Protesters threw smoke grenades at police who responded with tear gas in Budapest on Sunday as thousands of people rallied against a new “slave law” passed by the government of conservative Prime Minister Viktor Orban.
More than 15,000 people, according to local press reports, joined the demonstration — the first rally since Orban returned to power in 2010 to bring together all opposition parties, from greens to the far right, under the same banner.
The protest was called by unions and opposition parties outraged at reforms that hike the annual overtime hours that employers can demand from 250 to 400 hours and allows payment to be delayed by up to three years.
The government says the changes are needed by employers short of manpower and will benefit those wanting to work extra hours.
Sunday’s protest ended up at Parliament Square, where protesters chanting “Orban get lost!” have been gathering since the law was adopted on Wednesday.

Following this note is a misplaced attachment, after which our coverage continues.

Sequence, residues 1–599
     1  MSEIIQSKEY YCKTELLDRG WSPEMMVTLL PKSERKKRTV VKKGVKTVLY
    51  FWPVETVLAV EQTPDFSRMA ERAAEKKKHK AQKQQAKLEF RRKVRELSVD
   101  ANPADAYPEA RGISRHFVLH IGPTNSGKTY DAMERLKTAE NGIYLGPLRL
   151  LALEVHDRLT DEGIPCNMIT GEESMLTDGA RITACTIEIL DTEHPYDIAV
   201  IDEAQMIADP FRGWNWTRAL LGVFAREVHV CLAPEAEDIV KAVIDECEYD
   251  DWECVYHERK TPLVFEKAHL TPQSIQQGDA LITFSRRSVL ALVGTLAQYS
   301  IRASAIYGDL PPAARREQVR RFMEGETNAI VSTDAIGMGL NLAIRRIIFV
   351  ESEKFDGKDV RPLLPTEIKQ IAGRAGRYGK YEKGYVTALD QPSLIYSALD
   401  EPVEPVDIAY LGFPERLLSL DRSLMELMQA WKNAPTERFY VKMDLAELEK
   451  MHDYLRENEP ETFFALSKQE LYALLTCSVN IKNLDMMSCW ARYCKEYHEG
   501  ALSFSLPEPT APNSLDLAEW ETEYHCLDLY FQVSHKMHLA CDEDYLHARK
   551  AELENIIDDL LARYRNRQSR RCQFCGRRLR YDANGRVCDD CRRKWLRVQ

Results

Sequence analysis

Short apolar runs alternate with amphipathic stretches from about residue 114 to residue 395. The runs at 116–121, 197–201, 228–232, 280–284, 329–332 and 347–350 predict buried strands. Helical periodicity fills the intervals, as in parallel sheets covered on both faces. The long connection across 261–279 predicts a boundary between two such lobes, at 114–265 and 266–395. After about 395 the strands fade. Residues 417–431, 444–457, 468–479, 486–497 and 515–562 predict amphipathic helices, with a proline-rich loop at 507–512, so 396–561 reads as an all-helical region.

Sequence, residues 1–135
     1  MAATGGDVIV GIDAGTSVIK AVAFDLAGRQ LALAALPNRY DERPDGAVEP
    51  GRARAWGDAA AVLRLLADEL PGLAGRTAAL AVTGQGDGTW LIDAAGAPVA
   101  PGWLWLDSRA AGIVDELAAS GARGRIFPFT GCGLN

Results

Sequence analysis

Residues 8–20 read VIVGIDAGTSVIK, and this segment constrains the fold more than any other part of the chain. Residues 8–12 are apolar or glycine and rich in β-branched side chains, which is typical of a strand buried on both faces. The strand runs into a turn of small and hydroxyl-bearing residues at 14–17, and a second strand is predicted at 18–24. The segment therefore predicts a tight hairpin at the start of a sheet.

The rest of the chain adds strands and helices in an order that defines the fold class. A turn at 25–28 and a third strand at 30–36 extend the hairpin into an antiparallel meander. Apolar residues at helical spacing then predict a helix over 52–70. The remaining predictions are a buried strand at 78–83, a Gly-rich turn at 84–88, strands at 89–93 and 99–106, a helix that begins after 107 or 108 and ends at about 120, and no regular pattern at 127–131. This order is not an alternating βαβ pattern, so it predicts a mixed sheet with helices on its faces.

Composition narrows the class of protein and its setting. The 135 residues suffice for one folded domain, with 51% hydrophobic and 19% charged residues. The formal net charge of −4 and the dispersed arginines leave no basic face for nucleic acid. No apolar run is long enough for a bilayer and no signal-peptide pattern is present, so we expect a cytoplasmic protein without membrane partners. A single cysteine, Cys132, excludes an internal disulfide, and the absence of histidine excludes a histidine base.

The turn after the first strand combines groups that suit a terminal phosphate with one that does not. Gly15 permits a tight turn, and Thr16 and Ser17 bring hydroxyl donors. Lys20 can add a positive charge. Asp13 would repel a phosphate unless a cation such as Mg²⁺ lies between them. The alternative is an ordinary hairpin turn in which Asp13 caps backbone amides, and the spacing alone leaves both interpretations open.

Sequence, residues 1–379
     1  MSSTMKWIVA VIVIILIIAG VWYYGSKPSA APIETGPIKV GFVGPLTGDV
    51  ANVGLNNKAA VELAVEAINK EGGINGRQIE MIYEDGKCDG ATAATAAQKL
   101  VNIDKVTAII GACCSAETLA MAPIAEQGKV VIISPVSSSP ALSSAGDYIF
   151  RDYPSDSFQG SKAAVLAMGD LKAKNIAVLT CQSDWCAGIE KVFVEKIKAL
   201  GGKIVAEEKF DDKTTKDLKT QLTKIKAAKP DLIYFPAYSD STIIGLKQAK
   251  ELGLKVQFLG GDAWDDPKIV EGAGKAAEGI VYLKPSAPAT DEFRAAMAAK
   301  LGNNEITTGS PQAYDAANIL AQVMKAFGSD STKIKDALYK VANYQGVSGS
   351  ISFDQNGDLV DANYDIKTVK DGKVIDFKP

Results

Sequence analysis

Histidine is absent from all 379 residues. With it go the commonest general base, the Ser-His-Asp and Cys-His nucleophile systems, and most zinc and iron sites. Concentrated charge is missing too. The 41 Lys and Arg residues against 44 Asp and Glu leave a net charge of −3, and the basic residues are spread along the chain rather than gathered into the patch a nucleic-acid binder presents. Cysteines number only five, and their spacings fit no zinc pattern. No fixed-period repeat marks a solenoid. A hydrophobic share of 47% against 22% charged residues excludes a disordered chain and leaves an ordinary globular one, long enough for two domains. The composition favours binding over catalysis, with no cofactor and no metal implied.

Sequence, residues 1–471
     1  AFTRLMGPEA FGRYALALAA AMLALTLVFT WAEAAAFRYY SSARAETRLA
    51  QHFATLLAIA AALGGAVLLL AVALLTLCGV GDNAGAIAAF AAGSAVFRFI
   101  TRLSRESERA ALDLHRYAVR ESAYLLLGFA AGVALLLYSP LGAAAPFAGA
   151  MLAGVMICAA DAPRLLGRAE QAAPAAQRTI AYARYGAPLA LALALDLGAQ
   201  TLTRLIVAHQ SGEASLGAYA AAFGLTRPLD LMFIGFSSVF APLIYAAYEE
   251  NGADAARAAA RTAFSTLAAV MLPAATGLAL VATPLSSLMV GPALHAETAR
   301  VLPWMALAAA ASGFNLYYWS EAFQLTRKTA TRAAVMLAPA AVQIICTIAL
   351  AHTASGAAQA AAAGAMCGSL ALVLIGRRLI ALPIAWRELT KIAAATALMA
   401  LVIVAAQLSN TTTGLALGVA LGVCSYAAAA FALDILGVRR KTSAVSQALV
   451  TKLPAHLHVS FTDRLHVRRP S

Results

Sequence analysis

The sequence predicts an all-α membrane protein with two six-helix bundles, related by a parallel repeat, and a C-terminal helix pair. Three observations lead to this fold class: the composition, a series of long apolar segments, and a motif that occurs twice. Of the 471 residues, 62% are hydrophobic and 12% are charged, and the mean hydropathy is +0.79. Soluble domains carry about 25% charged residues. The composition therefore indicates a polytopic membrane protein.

Protesters led by two opposition lawmakers later marched to Hungary’s public television headquarters to read a petition but were refused access.
Protesters then hurled missiles and smoke grenades prompting police to respond with tear gas, as they have done in previous days.
“They don’t negotiate with anyone. They just do whatever they want. They steal everything. It’s intolerable. It cannot go on,” said one protester, Zoli, a transport worker.
Protests in the past week have been the most violent in Hungary for over a decade with dozens arrested and at least 14 police injured.
Other reforms passed by parliament, which is dominated by Orban’s ruling party, include a bill paving the way for new “administrative courts” to oversee public administration cases.
The justice minister Laszlo Trocsanyi, a close Orban ally, would oversee the courts, leading some to warn the premier could have near-total political influence over the judicial system.
Anger over the legislation has prompted opposition parties across the spectrum, who accuse Orban and his ruling Fidesz party of steering Hungary toward authoritarianism, to join forces.
Pro-government public and commercial media have portrayed the protesters as anarchists and “mercenaries of George Soros”.
The Hungarian-born US billionaire Soros has long been accused by Orban of plotting to destabilise Hungary.
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